Passing controversial issues before the divided Minnesota Legislature was never going to be easy in 2020.
COVID-19 might have made it impossible.
Before the coronavirus crisis hit the Legislature, forcing it into recess and then into socially distanced sessions and tele-committee meetings, issues like tax cuts, gun safety, voter ID and affordable child care could be discussed and debated; there could be press conferences and rotunda rallies.
But when lawmakers convene Tuesday for just the third time since recessing on March 16, a new reality will make those activities a distant memory, even if they are barely a month old. The capitol is open but visitors are not encouraged. Many lawmakers will be voting remotely. The public events calendar is nearly empty.
And unless it has something to do with the state’s response to coronavirus, it probably isn’t getting done.
What to expect on Tuesday — and after
An agreement among legislative leaders for the last two months required unanimity among the four caucuses and the governor: during two one-day sessions, only issues that were approved by House and Senate DFL leaders and House and Senate GOP leaders were brought to votes.
While the show of togetherness was good for the public, there was also a more practical reason for the move. To get everything done in the tight time frames, chamber rules require suspension of rules, which needs a supermajority vote, giving minority parties clout they don’t usually have.
When the Legislature meets Tuesday, both chambers will take up a bill filled with authority changes to make government functions work at a time when even most government employees are working from home. Couples wanting to get married won’t have to appear at the marriage license counter in person, for example, and health plans will be required to cover telemedicine appointments. The bill also includes provisions for lowering the license fees for hearses, adding of language for interpreting changes to wills, and giving more authority to the Health Commissioner to create temporary hospitals.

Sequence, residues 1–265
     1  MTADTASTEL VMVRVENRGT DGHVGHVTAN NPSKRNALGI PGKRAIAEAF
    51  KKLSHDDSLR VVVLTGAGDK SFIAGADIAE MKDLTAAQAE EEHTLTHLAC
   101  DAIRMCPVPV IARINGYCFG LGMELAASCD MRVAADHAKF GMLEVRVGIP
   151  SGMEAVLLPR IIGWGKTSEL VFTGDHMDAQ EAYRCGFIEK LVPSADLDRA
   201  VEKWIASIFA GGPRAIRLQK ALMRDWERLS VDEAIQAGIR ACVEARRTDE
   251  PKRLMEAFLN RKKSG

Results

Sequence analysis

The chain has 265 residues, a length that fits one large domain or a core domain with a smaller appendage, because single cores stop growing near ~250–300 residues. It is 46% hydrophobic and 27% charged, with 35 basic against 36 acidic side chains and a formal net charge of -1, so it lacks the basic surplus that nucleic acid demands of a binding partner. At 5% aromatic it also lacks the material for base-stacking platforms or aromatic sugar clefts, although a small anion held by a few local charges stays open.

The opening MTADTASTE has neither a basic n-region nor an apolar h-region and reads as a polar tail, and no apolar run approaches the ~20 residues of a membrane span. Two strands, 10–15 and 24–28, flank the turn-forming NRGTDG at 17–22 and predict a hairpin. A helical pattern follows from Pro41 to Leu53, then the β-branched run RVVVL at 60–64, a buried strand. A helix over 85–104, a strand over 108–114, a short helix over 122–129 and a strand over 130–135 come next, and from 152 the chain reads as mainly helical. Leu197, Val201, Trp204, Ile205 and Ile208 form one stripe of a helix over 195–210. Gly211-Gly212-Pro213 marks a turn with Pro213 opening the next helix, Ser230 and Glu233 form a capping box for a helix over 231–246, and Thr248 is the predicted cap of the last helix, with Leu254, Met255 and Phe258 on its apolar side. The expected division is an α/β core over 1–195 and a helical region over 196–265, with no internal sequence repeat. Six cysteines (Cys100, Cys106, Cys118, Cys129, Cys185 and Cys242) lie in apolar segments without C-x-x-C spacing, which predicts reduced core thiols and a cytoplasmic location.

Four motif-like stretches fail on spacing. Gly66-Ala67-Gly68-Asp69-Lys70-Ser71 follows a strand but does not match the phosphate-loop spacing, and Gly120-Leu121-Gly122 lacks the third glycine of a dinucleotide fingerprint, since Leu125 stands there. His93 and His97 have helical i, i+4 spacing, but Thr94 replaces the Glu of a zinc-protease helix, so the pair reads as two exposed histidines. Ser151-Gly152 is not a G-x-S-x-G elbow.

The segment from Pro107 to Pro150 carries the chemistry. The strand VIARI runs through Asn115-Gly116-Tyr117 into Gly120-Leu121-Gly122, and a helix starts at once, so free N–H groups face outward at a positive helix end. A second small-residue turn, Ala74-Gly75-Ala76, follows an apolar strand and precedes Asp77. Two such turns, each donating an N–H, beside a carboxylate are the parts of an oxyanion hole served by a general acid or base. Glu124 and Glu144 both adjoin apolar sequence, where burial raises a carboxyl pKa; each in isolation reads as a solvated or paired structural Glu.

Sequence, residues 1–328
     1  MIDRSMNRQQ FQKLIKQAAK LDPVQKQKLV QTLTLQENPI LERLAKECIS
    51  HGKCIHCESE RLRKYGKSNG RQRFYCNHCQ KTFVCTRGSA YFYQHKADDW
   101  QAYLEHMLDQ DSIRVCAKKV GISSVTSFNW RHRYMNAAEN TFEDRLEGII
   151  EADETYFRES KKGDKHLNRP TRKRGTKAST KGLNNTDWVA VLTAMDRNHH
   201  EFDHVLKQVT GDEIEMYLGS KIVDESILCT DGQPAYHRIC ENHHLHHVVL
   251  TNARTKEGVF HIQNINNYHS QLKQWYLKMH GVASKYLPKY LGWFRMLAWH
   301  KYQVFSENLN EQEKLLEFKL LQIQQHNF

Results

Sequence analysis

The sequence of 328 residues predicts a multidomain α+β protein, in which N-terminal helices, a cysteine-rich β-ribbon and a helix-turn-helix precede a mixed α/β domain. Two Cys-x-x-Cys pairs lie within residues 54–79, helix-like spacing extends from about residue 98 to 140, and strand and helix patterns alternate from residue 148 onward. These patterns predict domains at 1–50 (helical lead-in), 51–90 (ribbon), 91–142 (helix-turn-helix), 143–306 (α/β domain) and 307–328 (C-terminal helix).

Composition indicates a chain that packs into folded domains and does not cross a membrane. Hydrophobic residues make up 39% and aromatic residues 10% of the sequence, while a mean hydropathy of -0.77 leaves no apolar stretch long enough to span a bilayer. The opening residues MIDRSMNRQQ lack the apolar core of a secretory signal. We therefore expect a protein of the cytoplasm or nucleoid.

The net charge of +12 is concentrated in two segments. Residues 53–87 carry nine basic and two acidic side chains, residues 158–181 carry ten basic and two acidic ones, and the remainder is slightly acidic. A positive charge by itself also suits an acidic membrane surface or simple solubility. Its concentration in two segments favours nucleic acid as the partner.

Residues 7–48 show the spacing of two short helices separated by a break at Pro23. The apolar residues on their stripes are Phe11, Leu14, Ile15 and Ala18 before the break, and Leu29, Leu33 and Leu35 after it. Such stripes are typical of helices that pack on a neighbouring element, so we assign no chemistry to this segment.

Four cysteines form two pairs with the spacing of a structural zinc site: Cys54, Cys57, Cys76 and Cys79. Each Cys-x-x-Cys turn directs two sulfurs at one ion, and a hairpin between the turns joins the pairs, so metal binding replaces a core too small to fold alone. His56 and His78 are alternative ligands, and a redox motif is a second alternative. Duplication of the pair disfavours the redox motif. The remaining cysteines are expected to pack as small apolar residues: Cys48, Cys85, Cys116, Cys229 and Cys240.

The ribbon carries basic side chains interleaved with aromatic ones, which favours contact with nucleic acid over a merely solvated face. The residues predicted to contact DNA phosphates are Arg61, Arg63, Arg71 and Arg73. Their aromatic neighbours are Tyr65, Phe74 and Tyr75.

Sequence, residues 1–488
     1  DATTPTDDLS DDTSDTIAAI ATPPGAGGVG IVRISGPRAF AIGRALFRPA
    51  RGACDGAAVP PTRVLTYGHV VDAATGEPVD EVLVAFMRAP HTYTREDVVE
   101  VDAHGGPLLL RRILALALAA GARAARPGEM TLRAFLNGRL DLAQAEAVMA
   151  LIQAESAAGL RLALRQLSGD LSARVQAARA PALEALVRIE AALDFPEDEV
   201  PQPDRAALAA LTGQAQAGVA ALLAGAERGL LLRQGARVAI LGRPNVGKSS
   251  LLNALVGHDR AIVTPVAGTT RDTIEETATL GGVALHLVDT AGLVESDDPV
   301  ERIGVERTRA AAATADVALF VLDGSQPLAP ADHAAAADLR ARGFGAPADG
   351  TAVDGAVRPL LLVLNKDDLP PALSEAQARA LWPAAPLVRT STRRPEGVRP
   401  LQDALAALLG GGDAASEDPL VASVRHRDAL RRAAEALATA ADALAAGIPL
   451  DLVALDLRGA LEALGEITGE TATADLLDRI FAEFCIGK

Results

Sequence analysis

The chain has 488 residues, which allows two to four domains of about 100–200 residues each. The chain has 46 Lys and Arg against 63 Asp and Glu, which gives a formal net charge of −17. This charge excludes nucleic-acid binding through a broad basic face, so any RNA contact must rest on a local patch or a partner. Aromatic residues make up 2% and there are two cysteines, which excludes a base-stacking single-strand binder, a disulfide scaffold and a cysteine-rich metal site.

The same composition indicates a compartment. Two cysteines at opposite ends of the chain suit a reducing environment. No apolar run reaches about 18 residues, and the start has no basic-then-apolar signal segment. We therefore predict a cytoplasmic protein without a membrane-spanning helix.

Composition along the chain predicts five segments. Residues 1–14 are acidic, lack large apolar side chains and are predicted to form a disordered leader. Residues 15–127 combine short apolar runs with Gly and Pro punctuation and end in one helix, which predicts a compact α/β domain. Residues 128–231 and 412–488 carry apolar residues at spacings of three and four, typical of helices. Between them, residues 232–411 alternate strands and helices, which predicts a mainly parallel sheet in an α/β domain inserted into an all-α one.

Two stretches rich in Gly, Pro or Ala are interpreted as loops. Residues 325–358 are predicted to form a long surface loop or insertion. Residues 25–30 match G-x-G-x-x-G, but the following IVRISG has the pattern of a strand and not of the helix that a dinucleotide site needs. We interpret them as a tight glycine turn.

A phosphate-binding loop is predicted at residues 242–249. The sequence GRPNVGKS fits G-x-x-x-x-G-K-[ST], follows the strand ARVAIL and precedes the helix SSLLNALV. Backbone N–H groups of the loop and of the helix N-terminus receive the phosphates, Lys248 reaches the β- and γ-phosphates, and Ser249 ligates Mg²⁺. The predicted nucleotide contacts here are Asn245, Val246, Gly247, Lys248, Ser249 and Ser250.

So what about after Tuesday?
The two chambers could revert to their normal dynamic, with the House DFL being able to block Senate GOP initiatives and vice versa. But the current plan is to get through Tuesday and then disperse, holding committee meetings via teleconference and regathering in chambers only when items are ready to be passed, which also suggests that the rules suspensions might still be needed.
That could be the pattern for the last month of the 2020 regular session, which is constitutionally required to end May 18. House Speaker Melissa Hortman said last week that with both committee research staff and the attorneys who put bills into legal form working from home, “the capacity of the Minnesota House of Representatives to process bills is not the same. We’ve tried to focus the work on the things that can find bipartisan agreement and to get done.”
Among the things on which there is bipartisan agreement: the need for providing rental payment assistance and the desire to do more to help small businesses.